One may be familiar with the term “assault and battery” after reading the term in criminal news articles or hearing it used in a television show. People often don’t realize that assault and battery are also intentional torts under Georgia law. Personal injury cases are usually associated with negligent conduct, like a store failing to clean up a spill and causing a slip-and-fall. However, civil suit can also be pursued for when someone purposefully sought to threaten or make offensive or harmful contact with another.
Assault happens when someone intentionally acts in a way that causes the other person, or group of people, reasonable apprehension of imminent and harmful contact. For example, if someone swings around a knife near someone else to cause fear, and the fear of being hurt is reasonable, the person with the knife could be liable for damages. No contact is necessary for the tort of assault in a civil action. Battery occurs when there is purposeful contact, and the contact was made with the intent to harm or offend. Both intentional torts similar to their criminal counterparts, with the distinction between the statutes lying in the available remedy and the parties involved.
In Clayton County, Georgia, a trial began this week of a man accused of exposing women to the HIV virus after he knew he was infected with HIV. Under Georgia law, a person who knows they have been infected with HIV is under a statutory duty to inform their partner that they are infected with HIV prior to sexual intercourse. Failure to do so means one is guilty of a felony and can face up to ten years in prison. HIV and Hepatitis are specifically covered under Georgia law, but other sexually transmitted diseases may be prosecuted under criminal assault or battery statutes.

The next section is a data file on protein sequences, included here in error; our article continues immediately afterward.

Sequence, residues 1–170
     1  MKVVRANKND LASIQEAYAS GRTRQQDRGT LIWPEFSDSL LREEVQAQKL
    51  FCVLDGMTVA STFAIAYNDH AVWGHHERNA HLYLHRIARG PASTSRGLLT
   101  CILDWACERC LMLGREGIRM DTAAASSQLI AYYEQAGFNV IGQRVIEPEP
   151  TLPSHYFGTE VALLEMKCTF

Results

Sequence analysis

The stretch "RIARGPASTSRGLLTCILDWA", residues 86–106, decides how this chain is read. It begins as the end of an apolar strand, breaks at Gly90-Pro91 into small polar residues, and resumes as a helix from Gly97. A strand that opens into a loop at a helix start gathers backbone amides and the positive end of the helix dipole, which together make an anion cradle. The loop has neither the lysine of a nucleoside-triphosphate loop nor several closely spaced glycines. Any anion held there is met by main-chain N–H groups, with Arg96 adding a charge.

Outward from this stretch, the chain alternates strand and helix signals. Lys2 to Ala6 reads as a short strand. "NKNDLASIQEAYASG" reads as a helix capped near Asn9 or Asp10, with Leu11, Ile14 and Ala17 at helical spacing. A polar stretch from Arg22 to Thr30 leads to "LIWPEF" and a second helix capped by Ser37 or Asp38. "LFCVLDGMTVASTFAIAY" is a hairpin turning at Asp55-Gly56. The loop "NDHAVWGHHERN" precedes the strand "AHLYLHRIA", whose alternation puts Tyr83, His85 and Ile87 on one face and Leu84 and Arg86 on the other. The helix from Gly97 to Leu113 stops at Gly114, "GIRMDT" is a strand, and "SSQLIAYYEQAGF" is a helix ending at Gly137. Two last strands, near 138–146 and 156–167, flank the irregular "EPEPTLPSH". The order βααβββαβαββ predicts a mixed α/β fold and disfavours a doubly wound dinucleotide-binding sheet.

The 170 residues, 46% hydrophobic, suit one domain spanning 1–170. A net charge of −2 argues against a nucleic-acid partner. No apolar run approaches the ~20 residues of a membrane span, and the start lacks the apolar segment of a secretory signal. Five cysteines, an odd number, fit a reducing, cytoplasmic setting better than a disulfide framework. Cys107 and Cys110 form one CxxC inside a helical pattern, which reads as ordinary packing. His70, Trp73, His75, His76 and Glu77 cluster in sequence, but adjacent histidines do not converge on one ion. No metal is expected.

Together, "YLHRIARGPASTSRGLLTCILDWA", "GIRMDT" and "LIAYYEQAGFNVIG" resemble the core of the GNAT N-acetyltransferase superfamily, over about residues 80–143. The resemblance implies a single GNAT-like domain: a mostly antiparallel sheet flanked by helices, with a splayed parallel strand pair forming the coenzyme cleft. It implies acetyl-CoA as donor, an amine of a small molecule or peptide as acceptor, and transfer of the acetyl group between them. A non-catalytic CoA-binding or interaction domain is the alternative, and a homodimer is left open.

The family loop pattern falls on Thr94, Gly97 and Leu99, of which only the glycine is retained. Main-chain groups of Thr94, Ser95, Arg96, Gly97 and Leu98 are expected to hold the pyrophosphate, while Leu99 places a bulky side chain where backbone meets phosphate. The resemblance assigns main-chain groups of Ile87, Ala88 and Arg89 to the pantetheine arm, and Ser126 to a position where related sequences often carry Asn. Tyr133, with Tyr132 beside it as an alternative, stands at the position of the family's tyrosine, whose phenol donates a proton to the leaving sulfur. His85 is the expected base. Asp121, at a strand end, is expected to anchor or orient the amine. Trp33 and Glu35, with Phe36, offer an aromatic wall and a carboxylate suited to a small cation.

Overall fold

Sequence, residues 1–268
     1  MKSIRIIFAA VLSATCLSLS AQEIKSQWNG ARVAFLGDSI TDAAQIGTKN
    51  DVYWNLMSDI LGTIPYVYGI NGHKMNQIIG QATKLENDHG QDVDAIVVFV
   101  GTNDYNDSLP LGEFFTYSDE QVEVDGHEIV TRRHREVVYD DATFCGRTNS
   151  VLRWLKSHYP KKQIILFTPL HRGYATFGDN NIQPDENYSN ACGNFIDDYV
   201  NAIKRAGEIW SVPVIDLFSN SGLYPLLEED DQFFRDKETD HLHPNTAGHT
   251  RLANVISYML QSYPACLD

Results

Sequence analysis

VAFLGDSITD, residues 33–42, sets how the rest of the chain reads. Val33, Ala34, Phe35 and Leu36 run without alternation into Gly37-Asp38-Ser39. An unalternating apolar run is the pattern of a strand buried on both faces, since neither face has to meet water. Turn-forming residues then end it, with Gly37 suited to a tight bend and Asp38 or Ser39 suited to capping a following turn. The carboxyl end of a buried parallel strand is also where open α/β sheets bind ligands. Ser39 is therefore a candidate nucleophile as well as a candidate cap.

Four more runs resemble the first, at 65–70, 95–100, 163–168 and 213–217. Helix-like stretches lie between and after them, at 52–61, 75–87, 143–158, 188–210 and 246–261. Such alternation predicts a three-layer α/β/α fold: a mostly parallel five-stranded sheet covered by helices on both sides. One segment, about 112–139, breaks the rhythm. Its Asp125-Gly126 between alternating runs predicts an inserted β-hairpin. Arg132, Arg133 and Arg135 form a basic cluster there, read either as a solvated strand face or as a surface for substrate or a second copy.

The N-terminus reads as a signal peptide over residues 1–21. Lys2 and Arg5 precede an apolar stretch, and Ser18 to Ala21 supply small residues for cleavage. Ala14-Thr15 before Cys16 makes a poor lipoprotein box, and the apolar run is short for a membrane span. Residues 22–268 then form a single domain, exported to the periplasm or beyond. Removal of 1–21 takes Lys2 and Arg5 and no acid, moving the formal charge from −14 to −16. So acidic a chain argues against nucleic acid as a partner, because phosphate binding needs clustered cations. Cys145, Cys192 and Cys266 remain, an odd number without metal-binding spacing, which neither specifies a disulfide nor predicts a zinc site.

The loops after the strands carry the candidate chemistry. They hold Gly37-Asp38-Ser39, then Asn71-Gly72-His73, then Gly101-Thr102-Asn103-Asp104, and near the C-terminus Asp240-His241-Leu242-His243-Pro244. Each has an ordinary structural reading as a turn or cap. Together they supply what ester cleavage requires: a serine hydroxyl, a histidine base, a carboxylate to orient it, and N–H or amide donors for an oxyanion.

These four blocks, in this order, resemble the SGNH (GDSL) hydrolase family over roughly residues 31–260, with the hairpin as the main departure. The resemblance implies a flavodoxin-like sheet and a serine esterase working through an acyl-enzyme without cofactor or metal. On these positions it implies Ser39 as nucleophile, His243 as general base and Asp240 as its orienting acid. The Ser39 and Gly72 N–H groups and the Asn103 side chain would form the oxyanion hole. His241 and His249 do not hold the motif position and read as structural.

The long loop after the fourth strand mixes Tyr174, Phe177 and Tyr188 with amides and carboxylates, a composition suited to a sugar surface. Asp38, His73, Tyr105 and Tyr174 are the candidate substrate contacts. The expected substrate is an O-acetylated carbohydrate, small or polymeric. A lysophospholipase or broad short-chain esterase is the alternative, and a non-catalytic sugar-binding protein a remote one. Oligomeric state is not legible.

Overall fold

Infection from serious diseases like HIV or hepatitis can result in years worth of doctor visits and medical treatments. Regardless of whether criminal prosecution occurs, civil action may be available for those who have been infected by someone who knew they were diagnosed with HIV or hepatitis or other serious diseases. For example, if someone threatened to spit or bleed on others who know or believe that the person is infected with HIV or another disease that is equally serious in nature and scope, then that person may be liable for damages under the intentional tort of assault. Actual contact in the same scenario would mean the at-fault party may also be liable for damages under the intentional tort of battery. Damages are designed to make the injured party whole, and usually include costs like lost wages and medical expenses.
The Georgia assault and battery injury attorneys at the Angell Law Firm, LLC understand the financial pressures that you or your family member faces as you try to recover from an injury. If you have been the victim of an assault or battery and would like to pursue civil action so that you can be reimbursed for all the expenses you are burdened with, contact one of our experienced lawyers today. We understand that your situation is unique and challenging, and we are here to litigate your case to the fullest so that you can recover the maximum amount of compensation. Call today for a free consultation at (770) 217-4954.
More Blog Posts:
Taking a Look at Uninsured/Underinsured Motorist Coverage in Georgia in the New Year, Atlanta Accident Attorney Blog, January 8th, 2014
Truck Driving Rules of the Road, Atlanta Accident Attorney Blog, November 6th, 2013